Project Gold Hamburger started in early 2009, shortly after hedge fund magnate Nelson Peltz bought Wendy’s and combined it with Arby’s. The marriage ultimately failed, with Peltz selling Arby’s to a private-equity firm this summer.

    It was clear Wendy’s had lost its way. In six of the past 11 quarters, the company has reported lower or flat revenue at restaurants open at least a year, a key measure of a company’s growth. And after Thomas died in 2002, Wendy’s fell flat on finding a new face for its advertising, at one point running bizarre commercials featuring a man wearing a red pigtailed wig.

    Also looming over Wendy’s is strong competition from McDonald’s, which has grown even larger the past couple of years by remaking itself into a hip, healthier place to eat, with smoothies, Wi-Fi and high-margin coffee drinks. Last year, McDonald’s had 49.5% of the fast-food burger market in the U.S., up from 41.6% in 2002, according to research firm Technomic. In the same period, Wendy’s share fell to 12.8% from 14%. Burger King’s fell to 13.3% from 17%.

    Anxious to gain market share, Wendy’s polled more than 10,000 people about their likes and dislikes in hamburgers. It found that people like the food at Wendy’s but thought the brand hadn’t kept up with the times. So, executives were shipped off to eat at burger joints around the country and measured each sandwich on characteristics like fatty flavor, salty flavor and whether the bun fell apart.

    “I’ve traveled more with this burger than I have in my entire life,” said Shelly Thobe, Wendy’s director of hamburgers and new platforms.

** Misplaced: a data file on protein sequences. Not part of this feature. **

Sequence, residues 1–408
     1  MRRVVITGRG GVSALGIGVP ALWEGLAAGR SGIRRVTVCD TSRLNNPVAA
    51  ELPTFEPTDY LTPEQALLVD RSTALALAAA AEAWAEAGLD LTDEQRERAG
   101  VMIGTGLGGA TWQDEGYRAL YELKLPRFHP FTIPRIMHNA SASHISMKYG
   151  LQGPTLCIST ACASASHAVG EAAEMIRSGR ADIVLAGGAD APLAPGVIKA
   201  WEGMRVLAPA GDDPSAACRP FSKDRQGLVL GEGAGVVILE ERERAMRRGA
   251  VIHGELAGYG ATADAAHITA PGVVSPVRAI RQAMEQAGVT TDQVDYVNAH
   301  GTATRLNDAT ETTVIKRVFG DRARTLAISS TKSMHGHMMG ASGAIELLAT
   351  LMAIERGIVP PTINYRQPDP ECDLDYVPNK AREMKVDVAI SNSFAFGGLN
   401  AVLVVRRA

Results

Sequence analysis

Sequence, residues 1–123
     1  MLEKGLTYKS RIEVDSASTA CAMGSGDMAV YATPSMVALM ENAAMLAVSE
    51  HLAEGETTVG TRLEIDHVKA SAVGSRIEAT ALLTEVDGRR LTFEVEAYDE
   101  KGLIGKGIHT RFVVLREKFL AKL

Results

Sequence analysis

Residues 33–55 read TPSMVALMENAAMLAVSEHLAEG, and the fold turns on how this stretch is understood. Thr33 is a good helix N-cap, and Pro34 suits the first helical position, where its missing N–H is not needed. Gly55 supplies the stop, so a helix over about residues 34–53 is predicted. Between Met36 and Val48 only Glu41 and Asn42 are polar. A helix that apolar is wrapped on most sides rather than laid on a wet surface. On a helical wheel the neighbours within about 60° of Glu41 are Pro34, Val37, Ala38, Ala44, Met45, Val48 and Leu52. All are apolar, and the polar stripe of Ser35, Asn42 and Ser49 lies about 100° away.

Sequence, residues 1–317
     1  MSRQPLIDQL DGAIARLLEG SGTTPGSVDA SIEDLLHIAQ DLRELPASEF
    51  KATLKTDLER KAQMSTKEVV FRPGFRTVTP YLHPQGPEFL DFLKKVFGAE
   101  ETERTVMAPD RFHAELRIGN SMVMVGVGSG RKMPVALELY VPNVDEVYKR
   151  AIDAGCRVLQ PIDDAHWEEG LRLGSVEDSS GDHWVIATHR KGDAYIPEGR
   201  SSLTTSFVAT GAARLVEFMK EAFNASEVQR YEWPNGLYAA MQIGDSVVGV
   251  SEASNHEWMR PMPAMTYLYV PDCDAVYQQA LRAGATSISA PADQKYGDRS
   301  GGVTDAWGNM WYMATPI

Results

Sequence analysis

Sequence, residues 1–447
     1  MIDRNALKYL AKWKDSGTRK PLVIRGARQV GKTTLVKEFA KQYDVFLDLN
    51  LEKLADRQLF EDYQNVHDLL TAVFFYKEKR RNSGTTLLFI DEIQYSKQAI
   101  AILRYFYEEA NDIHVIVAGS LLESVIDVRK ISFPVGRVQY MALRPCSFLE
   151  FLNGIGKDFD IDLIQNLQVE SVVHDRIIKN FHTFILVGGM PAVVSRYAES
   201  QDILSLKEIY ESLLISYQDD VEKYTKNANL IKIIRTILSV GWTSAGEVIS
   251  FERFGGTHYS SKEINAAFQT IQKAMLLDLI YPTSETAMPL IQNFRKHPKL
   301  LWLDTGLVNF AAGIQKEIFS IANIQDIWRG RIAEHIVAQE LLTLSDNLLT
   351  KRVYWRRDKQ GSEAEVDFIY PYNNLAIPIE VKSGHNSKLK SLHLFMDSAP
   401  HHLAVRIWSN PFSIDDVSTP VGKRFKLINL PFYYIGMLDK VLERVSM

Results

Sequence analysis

Then, it was time for Wendy’s researchers to consider the chain’s own burger, ingredient by ingredient. Each time they made a change, they asked for feedback, visiting research firms around the country to watch through two-way mirrors as people tried each variation.

    Wendy’s chefs also tested new products at the headquarters in Dublin, just outside Columbus. From the test kitchens, they slipped new burger incarnations through little windows into a “Sensory Test Area,” a white-walled room with 16 cubicles where tasting volunteers, sometimes employees, ranked each burger.

    Many suggestions sounded good but didn’t ring true with tasters. They tried green-leaf lettuce, but people preferred to keep iceberg for its crunchiness. They thought about making the tomato slices thicker but decided they didn’t want to ask franchisees to buy new slicing equipment. They even tested a round burger, a trial that was practically anathema to a company that’s made its name on square burgers.

    Wendy’s ultimately did not go with the round shape, but changed the patty to a “natural square,” with wavy edges, because tasters said the straight edges looked processed.

    Tasters said they wanted a thicker burger, so Wendy’s started packing the meat more loosely, trained grill cooks to press down on the patties two times instead of eight, and printed “Handle Like Eggs” on the boxes that the hamburger patties were shipped in so they wouldn’t get smashed. And Wendy’s researchers knew customers wanted warmer and crunchier buns, so they decided that buttering them and putting them through a toaster was the way to go.

    In the end, Wendy’s changed everything but the ketchup. They switched to whole-fat mayonnaise, cut out the mustard, and cut down on the pickles and onions, all to emphasize the flavor of the beef. They also started storing the cheese at higher temperatures so it would melt better, a change that required federal approval.

    “It’s not about getting real exotic,” said Lori Estrada, Wendy’s senior vice president of menu innovation and packaging. “It’s about making everything work.”